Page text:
Over time, I became aware of facts underlying my mother’s consistent distress with Jeannette. Jeannette had known my father his entire life, being only a few months apart and raised side by side. My mother, compared to my father’s cousin, was the newcomer in his life, all of his life. Too, Jeannette was firmly Protestant and, very possibly, expressed the anti-Catholic attitudes of her small town where Catholics lived somewhat segregated from the rest of the community. As fact and reality remolded child perceptions, I realized that Jeannette rattled my mother’s feelings, probably unintentionally, as early as Mother’s courtship days with my father. My mother’s own tendencies cemented the situation for the duration. It was not vitriol that fueled my mother’s life long suffering of Jeannette, but the initial emotional pain that festered and never went away.
I call this “relational” self-pity: When I have been offended by another person and will not reforge the wrong to be forgotten, forgiven or replaced by, say, better behavior. Let me share two of my own relational self-pity points.
When my husband courted me, he sent me beautiful bouquets of flowers. When I said “yes” and married him, he said, “I will always send you flowers.” That, I noted within months of marriage, did not happen.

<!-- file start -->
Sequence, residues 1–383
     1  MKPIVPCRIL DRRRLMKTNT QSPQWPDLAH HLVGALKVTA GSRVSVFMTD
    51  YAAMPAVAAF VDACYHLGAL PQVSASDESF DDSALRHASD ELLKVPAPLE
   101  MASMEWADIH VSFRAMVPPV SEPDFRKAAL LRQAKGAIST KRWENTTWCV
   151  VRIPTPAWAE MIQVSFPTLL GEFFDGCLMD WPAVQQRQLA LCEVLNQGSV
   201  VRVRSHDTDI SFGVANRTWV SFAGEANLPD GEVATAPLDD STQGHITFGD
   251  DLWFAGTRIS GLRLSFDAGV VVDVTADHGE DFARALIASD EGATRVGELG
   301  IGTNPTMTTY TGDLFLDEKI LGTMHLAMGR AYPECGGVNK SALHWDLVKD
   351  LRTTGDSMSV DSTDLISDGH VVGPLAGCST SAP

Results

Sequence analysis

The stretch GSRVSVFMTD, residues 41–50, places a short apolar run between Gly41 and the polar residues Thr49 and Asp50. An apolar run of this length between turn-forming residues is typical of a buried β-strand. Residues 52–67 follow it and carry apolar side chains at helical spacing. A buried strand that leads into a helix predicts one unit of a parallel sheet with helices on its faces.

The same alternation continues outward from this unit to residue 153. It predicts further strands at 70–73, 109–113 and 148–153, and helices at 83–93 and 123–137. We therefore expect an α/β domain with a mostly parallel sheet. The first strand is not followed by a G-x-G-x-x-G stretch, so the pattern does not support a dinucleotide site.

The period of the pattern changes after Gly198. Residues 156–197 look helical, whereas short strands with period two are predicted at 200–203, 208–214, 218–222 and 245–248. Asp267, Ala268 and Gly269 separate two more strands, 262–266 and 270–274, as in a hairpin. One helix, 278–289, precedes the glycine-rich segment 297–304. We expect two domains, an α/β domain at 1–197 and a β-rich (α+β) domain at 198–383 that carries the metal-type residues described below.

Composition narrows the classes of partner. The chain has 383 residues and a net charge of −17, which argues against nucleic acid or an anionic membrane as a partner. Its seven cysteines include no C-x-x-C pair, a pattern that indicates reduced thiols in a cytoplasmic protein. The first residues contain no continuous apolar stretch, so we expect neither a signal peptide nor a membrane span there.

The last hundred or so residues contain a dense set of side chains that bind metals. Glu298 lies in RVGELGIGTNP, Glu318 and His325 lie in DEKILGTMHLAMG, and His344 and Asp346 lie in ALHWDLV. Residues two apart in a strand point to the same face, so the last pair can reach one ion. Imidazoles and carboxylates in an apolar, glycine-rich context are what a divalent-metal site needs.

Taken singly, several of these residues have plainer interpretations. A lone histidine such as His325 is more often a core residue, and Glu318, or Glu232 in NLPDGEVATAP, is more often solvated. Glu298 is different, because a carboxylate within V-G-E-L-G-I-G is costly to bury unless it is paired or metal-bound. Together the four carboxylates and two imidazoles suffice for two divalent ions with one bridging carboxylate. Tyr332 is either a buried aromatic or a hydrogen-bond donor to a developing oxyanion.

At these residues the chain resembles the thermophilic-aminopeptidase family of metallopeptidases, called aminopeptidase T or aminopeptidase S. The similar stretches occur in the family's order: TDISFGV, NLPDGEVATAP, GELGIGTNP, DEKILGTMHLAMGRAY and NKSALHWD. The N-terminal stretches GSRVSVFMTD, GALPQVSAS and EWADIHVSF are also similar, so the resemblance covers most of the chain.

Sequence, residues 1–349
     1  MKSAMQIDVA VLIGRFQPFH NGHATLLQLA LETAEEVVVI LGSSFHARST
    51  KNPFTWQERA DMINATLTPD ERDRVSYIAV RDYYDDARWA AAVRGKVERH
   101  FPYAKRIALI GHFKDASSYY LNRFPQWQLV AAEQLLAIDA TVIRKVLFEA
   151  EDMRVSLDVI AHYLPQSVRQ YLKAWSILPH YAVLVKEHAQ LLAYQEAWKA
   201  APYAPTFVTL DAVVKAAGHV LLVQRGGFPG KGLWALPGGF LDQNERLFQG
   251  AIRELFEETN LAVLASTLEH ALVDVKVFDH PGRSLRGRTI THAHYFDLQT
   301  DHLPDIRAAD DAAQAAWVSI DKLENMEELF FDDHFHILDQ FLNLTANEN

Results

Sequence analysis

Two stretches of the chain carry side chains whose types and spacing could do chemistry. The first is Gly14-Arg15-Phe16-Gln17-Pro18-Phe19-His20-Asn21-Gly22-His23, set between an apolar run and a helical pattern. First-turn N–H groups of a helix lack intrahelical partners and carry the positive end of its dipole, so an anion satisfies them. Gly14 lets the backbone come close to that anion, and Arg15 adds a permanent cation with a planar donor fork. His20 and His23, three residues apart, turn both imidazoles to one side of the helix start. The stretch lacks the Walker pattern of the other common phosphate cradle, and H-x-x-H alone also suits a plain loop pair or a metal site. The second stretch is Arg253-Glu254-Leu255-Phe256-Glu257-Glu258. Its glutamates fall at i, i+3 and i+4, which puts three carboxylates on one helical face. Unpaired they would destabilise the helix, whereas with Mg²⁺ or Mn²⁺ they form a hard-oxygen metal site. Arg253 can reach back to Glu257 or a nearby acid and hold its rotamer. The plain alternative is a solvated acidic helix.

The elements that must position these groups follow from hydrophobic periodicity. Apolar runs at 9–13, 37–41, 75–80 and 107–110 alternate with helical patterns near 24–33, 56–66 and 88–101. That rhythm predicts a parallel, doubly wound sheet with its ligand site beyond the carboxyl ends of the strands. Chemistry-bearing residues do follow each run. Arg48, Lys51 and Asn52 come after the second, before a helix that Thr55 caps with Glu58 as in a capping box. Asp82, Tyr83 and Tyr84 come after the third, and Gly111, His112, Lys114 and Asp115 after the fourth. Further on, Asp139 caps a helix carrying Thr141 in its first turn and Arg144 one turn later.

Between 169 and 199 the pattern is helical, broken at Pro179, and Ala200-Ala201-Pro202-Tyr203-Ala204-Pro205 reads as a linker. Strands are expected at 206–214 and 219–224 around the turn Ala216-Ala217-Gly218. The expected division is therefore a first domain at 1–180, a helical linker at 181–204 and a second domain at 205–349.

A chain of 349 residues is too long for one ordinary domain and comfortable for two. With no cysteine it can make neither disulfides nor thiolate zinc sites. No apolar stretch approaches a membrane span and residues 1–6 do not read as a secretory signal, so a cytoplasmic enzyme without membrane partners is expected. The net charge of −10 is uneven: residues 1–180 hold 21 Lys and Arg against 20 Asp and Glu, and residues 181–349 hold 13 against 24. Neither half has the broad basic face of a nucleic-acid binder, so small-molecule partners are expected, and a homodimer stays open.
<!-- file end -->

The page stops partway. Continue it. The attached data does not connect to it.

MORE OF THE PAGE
My husband’s father, may he rest in peace, told me shortly after my marriage to his son, “I don’t know why he loves you, but it seems he does. I am stuck with that.”
These two relational incidents provoked in me neither sympathy nor love – certainly not patience – but, rather, torrents of self-pity. “Poor me,” I’ve thought in extremis, a husband who will not give me flowers as promised and a father-in-law whose early words to me expressed an abiding disdain for my person. Are these small human infractions? Undoubtedly. Yet, they are but two examples of slights done to me that settled, rooted and became an emotional experience over which, I was certain, I enjoyed neither control and nor responsibility. I could not reverse the wrong, but I certainly could store it, even nurture it, because, after all, I was deserving of sympathy and comfort. Notably, earnest, heartfelt apologies or, better, public acknowledgment by the wrong-doer of the grave injustice done to me sometimes squelches my self-pity. But I’ve found such groveling by the miscreant hard to come by. So, I am forced to assume the task of expressing sorrow to myself for the unmitigated wrongs done to me by others.